Tanya Newbury had some of the most delightful illustrations. I wanted to get a whole series for Sam's room. They brought to mind The Little Prince.Sam especially loved this little box with a bear and boy on it.
Tanya also maintains the UtahEtsy blog, which has loads of beautiful things made by local gals.
I love anything textural with natural fibers, especially when distinctly different materials are combined. Sarinda Jones does this so beautifully; her pieces are sculptural and mimic natural forms in metal and fiber; so cool!
Eve Napierski had the cutest little felt baby watches. I tried one on Sam and every person that walked by "Aww"-ed and thought it was adorable, which it really was. I'd love to see him in one of these and a little tweed jacket with elbow patches; do they make those for babies?
These beautiful skirts made me wish I had a little girl! Sometimes I ask Sam if he has a little sister or a little brother coming next; I figure he has the best chance of knowing! But so far he's keeping mum about it. This is about the cutest idea ever: dollhouse kits. Noelle Olpin filled bags with everything you need to create a little dollhouse in a suitcase (wooden, clothespin-type dolls (unpainted), bits of cloth, lace etc., little wooden furniture pieces, even the suitcase to set it all up in!). She also had these great bags in wonderful fabrics. I really, really want one!
Susan Peterson used the loveliest fabrics. She had these darling birds, which I loved because I've used that same pattern (maybe it was on the Purl Bee? Can't quite remember...) to make a mobile for Sam. I'd totally get a handful of her little dresses if I had a little girl.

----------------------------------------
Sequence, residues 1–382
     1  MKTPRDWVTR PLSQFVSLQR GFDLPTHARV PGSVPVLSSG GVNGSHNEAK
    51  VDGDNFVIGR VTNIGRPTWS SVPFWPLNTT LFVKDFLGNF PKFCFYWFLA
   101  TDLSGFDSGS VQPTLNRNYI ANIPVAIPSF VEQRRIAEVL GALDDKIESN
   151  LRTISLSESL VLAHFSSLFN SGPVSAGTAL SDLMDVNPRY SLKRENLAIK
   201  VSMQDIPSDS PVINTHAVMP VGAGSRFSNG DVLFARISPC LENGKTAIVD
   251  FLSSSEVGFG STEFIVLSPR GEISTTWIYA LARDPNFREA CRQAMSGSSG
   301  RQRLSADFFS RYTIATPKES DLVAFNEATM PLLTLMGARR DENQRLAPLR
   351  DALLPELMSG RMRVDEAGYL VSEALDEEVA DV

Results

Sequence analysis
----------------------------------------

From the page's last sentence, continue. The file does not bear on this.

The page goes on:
Note: Found the bird pattern; it was here at Spool.
This week I'll be sharing some of my favorites from the Beehive Bazaar. This is Emily Sparks. Her's was the first booth that really stopped me in my tracks. How cool are those crocheted earrings? I love over-sized, statement jewelry. I would totally wear these!
She also had some rad, crocheted frogs that Sam was into. And some exciting news? A little bird told me she'll be hosting a give-away here on Progressive Pioneer...
I happen to have completely lucked out when it comes to having the world's greatest husband. Among his myriad talents (chicken coop building, gardening, foot massaging, love letter writing etc.) he also happens to be a fabulous illustrator. I would brag about his accolades, but he'd be embarrassed. Instead, I will direct you to his website. He's currently designing furniture and absolutely loves it. But, he still finds time to do things like design lovely headers for his wife's website. He has a promised a new one for each season and maybe some extras in between!
He also did an illustration for our wedding announcement in lieu of the traditional photo.